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who bears sons, Him who begets sons, whose names are HunAhpu.Vuch, Hun-Ahpu-Utiu, Zaki-Nima-Tzyiz, Tepeu, Gucu. matz, Qux-cho, Qux-palo, Ah raxa lak, Ah-raxa-sel.”
The painphlet is devoted to an analysis of these and other names of the gods of the Kiche pantheon, as contained in the Popol Vuh. Our author takes direct issue with the Abbé Brasseur, who regarded Xibalba as the “ name of an ancient state in the valley of the Usunasinta in Tabasco, the capital of which was Palenque." The original form of the word is stated to be tzibalba, which means painted mole. Dr. Brinton regards Xibalba as the “common term throughout the Maya stock of languages to denote the abode of the spirits of the dead, or Hades, which with them was held to be under the surface of the earth” (p. 26).
The Books of Chilan Balam.17
As alreadv remarked, the Mayas of Yucatan ranked high American civilization at the tiine of the conquest.21 The des. truction of their literature, in 1562, by order of Bishop Lando was keenly felt by the natives. A few books escaped the general conflagration. The principal books now consist of those under the name of “Chilan Balain" which are a reproduction of the syinbols and characters of the ancient books, inade at the time of the conquest and placed in the different villages. They relate principally to ancient chronology, astrology, prophecy, medicine, and later Christian teachings. Their chiel value consists in chronology and an exhibition of native thought. Some of the prophecies are of a striking character. At the
17 The Books of Chilan Balam, the Prophetic and Historic Records of the Mayas of Yucatan. By Daniel G. Brinton, M.D. Philadelphia.
18 The Folk-Lore of Yucatan. By Daniel G. Brinton, M.D. 19 Library of Aboriginal American Literature. No. I. The Maya Chronicles. Ed. ited by Daniel G. Briuton, M.D. Philadelphia. 1882.
20 Contributions tv North Americau Ethnology. Vol. V. Part III. A Study of the Manuscript Troana. By Cyrus Thomas, Ph.D. With an Introduction by D. G. Brinton, M.D. Washington, 1881.
31 For a fuller account see QUARTERLY for Oct. 1883.
close of each of their larger divisons of time, a chilan, or inspired diviner, predicted the character of the epoch about to begin. In the year 1480 the chilan prophesied :
What time the sun shall brightest shine,
The master of the earth shall come to us." In the original this prophecy of Nahau Pech, is written in short, aphoristic sentences. Their prophecies generally foreboded evil, which appeared suited to the temper of the people. None could have conceived the dire event which finally overtook them.
Their calendars consisted of the year being divided into eighteen months, of twenty days each, with five intercalated days, each accompanied by its appropriate sign. Dr. Thomas considers the Codex Troano to be a calendar of the same character with the books of Chilan Balam.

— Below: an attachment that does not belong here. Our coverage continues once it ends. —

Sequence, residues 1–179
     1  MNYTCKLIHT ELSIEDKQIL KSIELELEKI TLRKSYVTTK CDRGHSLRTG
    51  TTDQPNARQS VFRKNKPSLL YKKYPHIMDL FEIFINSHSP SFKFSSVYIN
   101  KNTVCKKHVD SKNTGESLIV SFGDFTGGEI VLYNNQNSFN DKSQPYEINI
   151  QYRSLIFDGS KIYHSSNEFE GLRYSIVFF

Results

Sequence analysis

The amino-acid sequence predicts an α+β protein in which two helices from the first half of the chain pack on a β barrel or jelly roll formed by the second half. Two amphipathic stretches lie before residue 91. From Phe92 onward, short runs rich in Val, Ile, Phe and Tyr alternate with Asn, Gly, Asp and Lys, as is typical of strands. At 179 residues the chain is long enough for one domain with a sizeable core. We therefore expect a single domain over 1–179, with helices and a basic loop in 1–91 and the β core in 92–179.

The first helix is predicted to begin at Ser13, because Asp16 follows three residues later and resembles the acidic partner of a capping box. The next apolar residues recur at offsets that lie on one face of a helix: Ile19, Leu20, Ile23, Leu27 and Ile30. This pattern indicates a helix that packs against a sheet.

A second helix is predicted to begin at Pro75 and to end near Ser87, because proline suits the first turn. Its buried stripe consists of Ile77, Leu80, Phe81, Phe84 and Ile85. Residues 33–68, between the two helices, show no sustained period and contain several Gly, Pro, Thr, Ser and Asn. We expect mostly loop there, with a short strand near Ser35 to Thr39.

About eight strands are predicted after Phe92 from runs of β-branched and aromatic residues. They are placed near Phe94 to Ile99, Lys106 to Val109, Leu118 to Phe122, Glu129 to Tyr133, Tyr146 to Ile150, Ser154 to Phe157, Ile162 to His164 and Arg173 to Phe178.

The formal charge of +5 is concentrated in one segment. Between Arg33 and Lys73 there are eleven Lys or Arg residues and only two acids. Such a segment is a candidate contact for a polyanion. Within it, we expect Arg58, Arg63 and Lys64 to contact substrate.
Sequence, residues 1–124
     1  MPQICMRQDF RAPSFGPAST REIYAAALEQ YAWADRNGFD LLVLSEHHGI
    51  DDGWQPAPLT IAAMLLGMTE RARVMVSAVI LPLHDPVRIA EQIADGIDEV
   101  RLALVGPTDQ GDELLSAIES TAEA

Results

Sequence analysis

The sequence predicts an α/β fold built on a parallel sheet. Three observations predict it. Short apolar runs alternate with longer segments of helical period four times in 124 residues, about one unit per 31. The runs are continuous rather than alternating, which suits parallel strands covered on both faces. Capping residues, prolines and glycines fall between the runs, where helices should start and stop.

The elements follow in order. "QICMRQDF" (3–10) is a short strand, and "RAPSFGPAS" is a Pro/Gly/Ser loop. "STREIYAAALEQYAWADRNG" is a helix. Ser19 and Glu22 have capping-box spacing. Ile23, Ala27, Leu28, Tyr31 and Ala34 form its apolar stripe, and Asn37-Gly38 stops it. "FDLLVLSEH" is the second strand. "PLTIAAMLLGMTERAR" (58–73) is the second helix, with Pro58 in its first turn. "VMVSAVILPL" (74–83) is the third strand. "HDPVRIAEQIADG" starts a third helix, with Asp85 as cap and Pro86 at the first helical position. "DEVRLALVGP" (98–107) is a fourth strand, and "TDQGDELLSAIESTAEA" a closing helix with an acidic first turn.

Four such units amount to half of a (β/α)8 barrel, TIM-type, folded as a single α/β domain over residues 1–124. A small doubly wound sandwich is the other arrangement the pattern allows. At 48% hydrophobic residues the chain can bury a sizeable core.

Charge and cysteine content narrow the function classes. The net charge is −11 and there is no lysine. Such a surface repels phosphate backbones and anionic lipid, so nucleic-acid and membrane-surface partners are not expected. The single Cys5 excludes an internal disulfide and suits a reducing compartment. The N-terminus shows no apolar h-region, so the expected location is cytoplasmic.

Their folk-lore bears a strong resemblance to that of other American nations. The subject has not yet been well investigated, for the natives have a great hesitancy in imparting any of their superstitions, having learned to be cautious on account of religious persecutions by their masters.
The GUEGUENCE.23 of Central America would exhibit a very narrow strip of land between Lake Nicaragua and the Pacific Ocean. On this strip of land embracing an area one hundred miles long by twenty-five broad, lived the Naluas of Nicaragua, speaking the same language, having the same mythology, religious rules, calendars, manners and customs as the Aztecs, although removed a distance of more than two thousand miles, 24 and “separated by numerous powerful nations, speaking a
22 A katun is a period of 20 years, making 80 years.
23 Aborignal American Literature. No. III. The Güegüence ; a comedy ballet in the Nahuatl-Spanish dialect of Nicaragua. Edited by Daniel G. Brinton, A.M., M.D. Philadelphia. 1883.
24 While this may appear singular, yet the same occurs in Eur.jpe. The Basques of the Pyrenees are related to the Albanians, Turins and Scandinavians, although widely separated. See Pricbard's Celtic Nations, p. 51.
different language, and having a distinct organization." 25 To the north and south of them were the Mangues who had been split into by the early migrations of the Nahuas. Squier says, “ In most places, however, the native language has fallen into disuse, or only a few words, which have also been accepted by the whites, are retained.” 26 On the island of Ometepec, Squier “ procured with great difficulty a few words, and some of their numerals.” 27 Dr. Habel says, " Notwithstanding the greatest efforts, I could not get any information in regard to the language of the natives; they told me it was all forgotten." 28
On coming in contact with the Spaniards a mixed dialect came into vogue, composed of a corrupt Spanish and a broken down Nahuatl, which served as a means of communication between both races. It has been described as an unintelligible jargon. Many of its Spanish elements are ungramınatical, while the interlarded Nalıuatl words and phrases are so mutilated as to be scarcely recognizable.